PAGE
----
Soft story structures — buildings with large openings at ground level for garages or tuck-under parking — pose a particular hazard of serious damage, including collapse, in seismic activity. Because of the danger, Berkeley passed its soft story ordinance in 2005, mandating that soft story buildings with five or more units notify tenants of the danger and perform a seismic analysis. But, if a walking survey on Saturday is any indication, the ordinance is going largely unheeded.
Rent board commissioner Igor Tregub organized the survey as part of what he called a “seismic compliance day of action”. Tregub and his interns picked several dozen buildings from the city’s soft story inventory, and led a tour of the buildings. The idea was both to see whether the ordinance was being followed and to alert tenants to the potential dangers. The survey was a personal project of Tregub’s, not an official rent board initiative.
None of the 15 buildings visited on Saturday had any visible notice, contrary to the requirements of the ordinance. There were also no signs of retrofits, which would increase the safety in the event of a quake (retrofits are not required by the ordinance).
“This is a good first step to alerting people to what we’re doing in the city,” said councilmember Linda Maio, speaking before the walking tour. “It’s critical to do this. We’re talking about a lot of students living in these buildings.”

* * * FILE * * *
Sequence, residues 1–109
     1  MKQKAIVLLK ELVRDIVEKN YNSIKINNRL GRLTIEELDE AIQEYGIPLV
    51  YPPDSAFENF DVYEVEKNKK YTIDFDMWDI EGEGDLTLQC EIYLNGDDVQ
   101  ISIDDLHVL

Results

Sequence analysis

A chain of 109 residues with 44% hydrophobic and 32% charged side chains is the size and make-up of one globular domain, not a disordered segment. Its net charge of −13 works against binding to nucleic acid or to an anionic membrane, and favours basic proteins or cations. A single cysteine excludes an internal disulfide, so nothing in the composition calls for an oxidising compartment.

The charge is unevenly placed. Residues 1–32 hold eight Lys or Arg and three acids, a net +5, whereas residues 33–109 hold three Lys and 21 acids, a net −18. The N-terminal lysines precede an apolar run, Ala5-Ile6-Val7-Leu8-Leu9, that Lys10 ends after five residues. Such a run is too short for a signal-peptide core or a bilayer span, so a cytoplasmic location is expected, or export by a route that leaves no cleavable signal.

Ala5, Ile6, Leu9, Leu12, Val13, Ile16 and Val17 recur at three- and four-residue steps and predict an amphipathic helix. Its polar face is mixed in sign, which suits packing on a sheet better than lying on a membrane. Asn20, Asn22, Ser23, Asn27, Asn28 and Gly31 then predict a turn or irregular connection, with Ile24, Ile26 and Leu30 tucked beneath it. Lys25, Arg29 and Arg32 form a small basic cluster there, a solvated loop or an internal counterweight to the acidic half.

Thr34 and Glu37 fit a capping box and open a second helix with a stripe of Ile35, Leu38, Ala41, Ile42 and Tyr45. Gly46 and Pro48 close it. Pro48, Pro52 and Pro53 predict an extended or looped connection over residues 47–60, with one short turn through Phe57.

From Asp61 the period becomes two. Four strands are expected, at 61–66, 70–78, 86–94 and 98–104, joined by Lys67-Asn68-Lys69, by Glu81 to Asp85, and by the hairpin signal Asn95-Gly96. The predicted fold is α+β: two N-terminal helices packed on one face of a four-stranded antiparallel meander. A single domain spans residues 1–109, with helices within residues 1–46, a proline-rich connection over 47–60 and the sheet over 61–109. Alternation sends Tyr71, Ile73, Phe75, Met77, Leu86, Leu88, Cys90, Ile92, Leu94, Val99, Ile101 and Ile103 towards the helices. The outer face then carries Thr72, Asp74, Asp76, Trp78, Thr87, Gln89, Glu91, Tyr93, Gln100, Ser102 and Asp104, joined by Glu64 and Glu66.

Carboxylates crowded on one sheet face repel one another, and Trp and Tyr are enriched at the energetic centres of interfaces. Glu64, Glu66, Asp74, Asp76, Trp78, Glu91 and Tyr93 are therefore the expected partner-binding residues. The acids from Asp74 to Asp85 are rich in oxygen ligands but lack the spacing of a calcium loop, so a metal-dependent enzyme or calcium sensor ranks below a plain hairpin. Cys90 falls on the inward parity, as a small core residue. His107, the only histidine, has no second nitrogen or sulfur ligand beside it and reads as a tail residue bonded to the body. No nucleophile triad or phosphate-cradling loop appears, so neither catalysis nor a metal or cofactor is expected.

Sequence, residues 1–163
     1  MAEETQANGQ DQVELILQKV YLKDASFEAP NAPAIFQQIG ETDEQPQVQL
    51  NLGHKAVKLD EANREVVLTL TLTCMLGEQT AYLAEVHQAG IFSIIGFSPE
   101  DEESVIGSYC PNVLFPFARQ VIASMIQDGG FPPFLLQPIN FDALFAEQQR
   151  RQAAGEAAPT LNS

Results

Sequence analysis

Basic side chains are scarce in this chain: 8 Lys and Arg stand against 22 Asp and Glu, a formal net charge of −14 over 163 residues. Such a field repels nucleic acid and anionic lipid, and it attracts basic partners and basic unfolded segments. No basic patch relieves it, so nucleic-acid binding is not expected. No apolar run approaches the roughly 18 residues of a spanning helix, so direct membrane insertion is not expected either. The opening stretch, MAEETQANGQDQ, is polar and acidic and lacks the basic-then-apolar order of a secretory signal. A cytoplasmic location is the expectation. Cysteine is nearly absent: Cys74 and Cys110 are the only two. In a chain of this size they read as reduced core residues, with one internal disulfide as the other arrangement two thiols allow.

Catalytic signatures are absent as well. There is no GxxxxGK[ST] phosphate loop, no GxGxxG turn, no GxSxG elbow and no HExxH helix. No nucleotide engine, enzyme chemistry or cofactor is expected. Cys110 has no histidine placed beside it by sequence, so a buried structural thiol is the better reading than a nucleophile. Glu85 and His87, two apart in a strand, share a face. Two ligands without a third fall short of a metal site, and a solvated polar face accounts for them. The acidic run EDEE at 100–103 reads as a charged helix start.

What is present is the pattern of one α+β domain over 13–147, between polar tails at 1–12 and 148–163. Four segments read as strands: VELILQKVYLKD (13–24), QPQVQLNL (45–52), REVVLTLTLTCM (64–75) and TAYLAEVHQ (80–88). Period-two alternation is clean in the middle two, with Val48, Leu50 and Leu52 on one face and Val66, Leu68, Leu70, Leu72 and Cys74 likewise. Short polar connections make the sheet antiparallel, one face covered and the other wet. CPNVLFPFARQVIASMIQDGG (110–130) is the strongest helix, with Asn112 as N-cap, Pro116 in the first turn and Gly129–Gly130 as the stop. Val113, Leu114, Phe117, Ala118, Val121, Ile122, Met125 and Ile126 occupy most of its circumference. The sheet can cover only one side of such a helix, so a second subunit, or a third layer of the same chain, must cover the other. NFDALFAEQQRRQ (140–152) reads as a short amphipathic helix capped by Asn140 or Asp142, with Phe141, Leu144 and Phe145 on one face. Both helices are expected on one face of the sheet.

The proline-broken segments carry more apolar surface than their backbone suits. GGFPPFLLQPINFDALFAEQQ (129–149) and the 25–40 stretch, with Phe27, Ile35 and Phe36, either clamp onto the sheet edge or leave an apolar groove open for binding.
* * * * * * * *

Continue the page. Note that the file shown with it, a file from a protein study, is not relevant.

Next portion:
“These are probably the first apartments students have been living in,” said Michael Ellison, ASUC housing director. “They don’t know what to look for.”
The intent of the ordinance was precisely to overcome that lack of knowledge. When buildings are identified as potentially hazardous, the ordinance requires “a clearly visible warning sign” reading: “Earthquake Warning. This is a soft story building with a soft, weak, or open front ground floor. You may not be safe inside or near such buildings during an earthquake.” The sign must be at least 8×10 inches and the first two words must be at least 50-point bold type. Additionally, tenants must be notified in writing of the hazard.
According to Tregub, more than 75% of the buildings surveyed earlier this year by the city are not seismically retrofitted, and would be susceptible to partial or total collapse in a large quake. Efforts to mandate seismic retrofitting of soft-story residential or mixed-use properties by the City of Berkeley and to enforce the existing ordinance have been stymied over a lack of funding, staffing, and prioritization, he said.
Tregub said there is active discussion at the staff level in the city about creating a “phase two” of the ordinance that would mandate seismic retrofits for soft story structures.
As poor as compliance may be in structures covered by the ordinance, Tregub and Maio pointed out that many buildings with fewer than five rental units also posed a danger and are not covered by the law.
Phyllis Fox, a civil engineer who joined Saturday’s walking tour, said she lives near a house on Etna Street which has two apartments over a garage. Although she has explained the danger to the landlord, she said he has no interest in acting. She hopes an amended ordinance might force some action.
“We’ll work on figuring this out,” Maio said. “It will need both the rent board and the city council to take action. We’re going to have to have a financing mechanism for it to work.”
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